Manganos found guilty on multiple corruption charges

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Former Nassau County Executive Ed Mangano and his wife, Linda, were found guilty on a number of charges Friday morning following a second trial on federal charges that they abused their positions for personal benefit.

Ed Mangano was found guilty of bribery, wire fraud and conspiracy to obstruct justice; Linda was found guilty of conspiracy to obstruct justice, obstruction of justice and making false statements to federal investigators.

The Manganos were first arrested in October 2016, and went to trial last year. Their co-defendant in 2018, former Oyster Bay Town Supervisor John Venditto, was acquitted of all charges, while jurors were unable to reach a verdict on the Manganos.

The jury deliberated on the charges for six days before reaching its decision, following a five-week retrial at the federal court building in Central Islip.

The U.S. government told jurors that Ed Mangano accepted bribes from his former friend, restaurateur Harendra Singh, in exchange for political favors and that Linda Mangano lied to investigators about a no-show job she had with Singh. Both were tried last year, in a case that ended in a hung jury, alongside Venditto, who was acquitted of charges that he used the town to guarantee loans for Singh.

U.S. attorneys alleged that Mangano had pressured Oyster Bay officials to guarantee the loans, in order to get from Singh what he wanted.

The defense team, however, characterized Singh as a liar who tried, but failed, to influence Ed Mangano with gifts in an effort to build up his struggling restaurant empire. Singh, the defense attorneys added, only testified against the couple to gain leniency for his own crimes; he pleaded guilty in 2016 to eight charges, including federal program bribery and obstructing and impeding the due administration of internal revenue laws.

Assistant U.S. Attorney Lara Treinis Gatz said the timing of gifts provided to the Manganos by Singh pointed to corruption. Treinis Gatz said Singh never provided the Manganos with gifts before Ed Mangano became county executive in 2010, despite being friends with them for more than 20 years. “Only after Ed Mangano had become Nassau County executive . . . did Mr. Singh bestow anything of value,” she said. “Dates matter. Timing is significant.”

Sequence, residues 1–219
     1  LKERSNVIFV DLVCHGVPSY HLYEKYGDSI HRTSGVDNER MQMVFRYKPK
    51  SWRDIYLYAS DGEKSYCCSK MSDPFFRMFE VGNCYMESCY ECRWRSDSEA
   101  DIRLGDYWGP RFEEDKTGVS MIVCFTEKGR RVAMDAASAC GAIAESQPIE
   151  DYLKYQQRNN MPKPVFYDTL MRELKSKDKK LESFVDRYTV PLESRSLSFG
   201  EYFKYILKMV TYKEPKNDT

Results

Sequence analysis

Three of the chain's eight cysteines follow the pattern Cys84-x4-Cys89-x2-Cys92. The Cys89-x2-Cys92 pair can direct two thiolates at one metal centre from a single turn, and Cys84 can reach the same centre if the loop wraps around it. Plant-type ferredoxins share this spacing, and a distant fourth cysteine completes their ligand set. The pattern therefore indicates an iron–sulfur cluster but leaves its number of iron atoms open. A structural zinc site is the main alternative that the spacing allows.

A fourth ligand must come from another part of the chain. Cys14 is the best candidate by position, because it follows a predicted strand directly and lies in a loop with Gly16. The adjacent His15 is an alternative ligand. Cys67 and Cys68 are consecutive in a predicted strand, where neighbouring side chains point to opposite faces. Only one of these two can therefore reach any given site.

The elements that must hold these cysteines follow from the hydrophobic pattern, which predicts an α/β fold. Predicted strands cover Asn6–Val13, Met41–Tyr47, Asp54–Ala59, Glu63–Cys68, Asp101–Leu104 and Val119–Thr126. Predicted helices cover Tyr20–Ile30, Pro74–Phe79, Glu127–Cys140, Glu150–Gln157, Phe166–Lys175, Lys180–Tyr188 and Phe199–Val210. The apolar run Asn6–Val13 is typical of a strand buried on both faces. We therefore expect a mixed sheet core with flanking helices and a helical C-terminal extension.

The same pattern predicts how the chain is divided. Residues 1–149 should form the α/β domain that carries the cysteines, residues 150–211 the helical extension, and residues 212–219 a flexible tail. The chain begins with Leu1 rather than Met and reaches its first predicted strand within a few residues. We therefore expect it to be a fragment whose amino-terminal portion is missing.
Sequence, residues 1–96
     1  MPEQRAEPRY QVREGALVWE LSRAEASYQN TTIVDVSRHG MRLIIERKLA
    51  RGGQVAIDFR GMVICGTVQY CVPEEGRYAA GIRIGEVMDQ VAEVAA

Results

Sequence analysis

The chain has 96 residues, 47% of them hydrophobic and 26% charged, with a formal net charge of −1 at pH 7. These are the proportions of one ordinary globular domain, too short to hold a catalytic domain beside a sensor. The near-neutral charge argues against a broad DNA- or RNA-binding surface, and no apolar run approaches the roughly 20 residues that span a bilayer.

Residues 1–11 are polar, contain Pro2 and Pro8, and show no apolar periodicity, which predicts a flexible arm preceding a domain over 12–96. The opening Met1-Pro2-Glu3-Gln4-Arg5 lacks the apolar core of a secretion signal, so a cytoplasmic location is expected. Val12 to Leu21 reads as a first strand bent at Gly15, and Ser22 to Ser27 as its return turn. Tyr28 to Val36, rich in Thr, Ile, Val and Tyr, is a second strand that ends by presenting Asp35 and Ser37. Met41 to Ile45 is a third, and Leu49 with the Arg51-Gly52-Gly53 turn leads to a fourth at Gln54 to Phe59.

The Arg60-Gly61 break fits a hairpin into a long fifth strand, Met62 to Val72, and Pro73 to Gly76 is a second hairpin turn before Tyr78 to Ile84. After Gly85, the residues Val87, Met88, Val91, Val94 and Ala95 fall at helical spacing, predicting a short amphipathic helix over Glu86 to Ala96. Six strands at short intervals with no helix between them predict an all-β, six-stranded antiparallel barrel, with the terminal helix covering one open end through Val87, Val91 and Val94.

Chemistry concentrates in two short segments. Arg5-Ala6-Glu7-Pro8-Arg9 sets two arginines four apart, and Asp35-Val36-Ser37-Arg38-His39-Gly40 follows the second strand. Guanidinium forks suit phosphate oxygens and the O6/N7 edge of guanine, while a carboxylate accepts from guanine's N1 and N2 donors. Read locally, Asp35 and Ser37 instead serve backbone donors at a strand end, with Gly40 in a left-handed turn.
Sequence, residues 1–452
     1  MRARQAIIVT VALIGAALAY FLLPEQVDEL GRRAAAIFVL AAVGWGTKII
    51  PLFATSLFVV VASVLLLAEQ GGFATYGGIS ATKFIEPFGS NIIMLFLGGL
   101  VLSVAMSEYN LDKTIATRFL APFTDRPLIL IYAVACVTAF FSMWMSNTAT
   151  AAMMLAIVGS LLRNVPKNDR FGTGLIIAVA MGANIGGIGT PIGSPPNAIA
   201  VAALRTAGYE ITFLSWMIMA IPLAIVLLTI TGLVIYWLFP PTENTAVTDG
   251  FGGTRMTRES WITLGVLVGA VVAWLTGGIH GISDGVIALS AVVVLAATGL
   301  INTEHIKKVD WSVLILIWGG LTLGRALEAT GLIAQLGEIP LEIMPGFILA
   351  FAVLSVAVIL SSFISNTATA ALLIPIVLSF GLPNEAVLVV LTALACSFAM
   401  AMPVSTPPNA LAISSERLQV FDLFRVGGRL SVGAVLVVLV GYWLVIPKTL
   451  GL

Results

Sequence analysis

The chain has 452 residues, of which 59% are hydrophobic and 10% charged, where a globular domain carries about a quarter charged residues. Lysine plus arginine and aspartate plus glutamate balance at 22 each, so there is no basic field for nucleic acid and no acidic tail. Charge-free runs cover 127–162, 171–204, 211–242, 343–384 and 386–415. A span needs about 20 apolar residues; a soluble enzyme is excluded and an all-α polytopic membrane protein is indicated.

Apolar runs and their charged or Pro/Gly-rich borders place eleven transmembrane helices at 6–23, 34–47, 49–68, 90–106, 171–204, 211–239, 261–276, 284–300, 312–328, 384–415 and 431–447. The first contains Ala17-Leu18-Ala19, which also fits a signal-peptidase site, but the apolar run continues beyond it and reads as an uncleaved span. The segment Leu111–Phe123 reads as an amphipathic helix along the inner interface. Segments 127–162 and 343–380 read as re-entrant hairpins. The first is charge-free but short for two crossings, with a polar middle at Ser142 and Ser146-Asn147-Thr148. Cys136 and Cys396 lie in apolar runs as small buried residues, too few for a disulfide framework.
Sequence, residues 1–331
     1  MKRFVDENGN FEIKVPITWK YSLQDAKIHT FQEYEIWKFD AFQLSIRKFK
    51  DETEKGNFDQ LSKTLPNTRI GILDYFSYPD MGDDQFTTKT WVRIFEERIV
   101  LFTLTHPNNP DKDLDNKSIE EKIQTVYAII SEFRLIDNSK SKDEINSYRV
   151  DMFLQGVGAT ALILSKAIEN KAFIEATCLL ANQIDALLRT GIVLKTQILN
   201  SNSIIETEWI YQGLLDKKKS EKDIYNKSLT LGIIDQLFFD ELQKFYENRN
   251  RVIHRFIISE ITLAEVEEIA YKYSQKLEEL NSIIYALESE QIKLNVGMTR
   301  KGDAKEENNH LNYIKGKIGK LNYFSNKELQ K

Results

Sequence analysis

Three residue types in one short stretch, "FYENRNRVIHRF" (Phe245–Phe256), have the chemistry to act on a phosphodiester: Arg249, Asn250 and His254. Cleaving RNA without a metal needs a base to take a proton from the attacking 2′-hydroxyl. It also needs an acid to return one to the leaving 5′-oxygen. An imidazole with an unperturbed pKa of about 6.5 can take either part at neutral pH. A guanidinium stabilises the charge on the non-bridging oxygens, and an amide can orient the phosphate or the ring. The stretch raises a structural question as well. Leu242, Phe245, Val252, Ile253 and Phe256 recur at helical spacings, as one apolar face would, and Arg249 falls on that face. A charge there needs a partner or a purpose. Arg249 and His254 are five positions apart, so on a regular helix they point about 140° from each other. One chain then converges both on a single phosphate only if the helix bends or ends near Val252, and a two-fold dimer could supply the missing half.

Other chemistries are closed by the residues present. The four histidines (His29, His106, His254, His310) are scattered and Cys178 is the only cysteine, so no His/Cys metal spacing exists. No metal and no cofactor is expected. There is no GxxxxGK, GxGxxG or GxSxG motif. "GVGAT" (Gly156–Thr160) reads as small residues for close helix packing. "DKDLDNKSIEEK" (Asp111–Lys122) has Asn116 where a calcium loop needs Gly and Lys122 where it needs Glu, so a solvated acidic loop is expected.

Ed Mangano’s defense attorney, Kevin Keating, did not deny that Singh provided gifts to the Manganos, but said the restaurateur got little to nothing in return for them. The only county contract Singh received was an emergency one to provide food for government workers after Superstorm Sandy.

Treinis Gatz, though, said a county-approved caterer was already approved to do that job and that was the week Singh bought the Manganos’ son a $7,300 watch. She also said Ed Mangano steered a contract to Singh to provide bread and rolls to county jail inmates from a low bidder, who had been doing the work for 10 years.

Keating disputed that the bread and rolls contract was steered by Mangano, saying the late Peter Schmitt, the former presiding officer of the Nassau County Legislature, wanted to ensure contracts went to local vendors like Singh. Singh, though, later backed out of the contract, as his bakery could not handle the work required.

Keating also called it “preposterous” that Mangano used his power to convince Oyster Bay officials to back Singh on $20 million in loans, saying he would not have the clout to do so as a newly minted county executive in 2010. He also said former town officials were already “doing backflips” for Singh, who ran concession stands on Oyster Bay property, by extending those contracts.

Linda Mangano was questioned three times about a no-show job she had with Singh. John Carman, Linda Mangano’s lawyer, criticized federal investigators for being careless when interviewing her about the position by not recording or taping any of the three discussions.

“There is no word-for-word account of what Linda said in any of the three meetings,” he said, criticizing the “scribbled notes” of FBI Special Agent Laura Spence that prosecutors used to indict his client. “They went low-tech on her. Dare I say, they went no-tech.”

Elected officials released statements reacting to the convictions. "Today is a sad reminder that for too long, Nassau County’s taxpayers paid a high price for a government that did not work for them," said Nassau County Executive Laura Curran, a Democrat and Mangano's successor. "Our residents have footed the bill for a culture of corruption that has been allowed to permeate throughout our County government, enriching the few while betraying the many."

“Today’s verdict is a sad reminder that for too long elected officials have used their positions to enrich themselves at the expense of the public they were meant to serve," State Sen. Todd Kaminsky, a Democrat from Long Beach and former federal prosecutor, said. “This should also be a reminder that federal prosecutors cannot be expected to bring all of the necessary corruption cases in New York, and that state prosecutors need to be given the tools to help police the political landscape."

— Erik Hawkins contributed to this story

This story will be updated.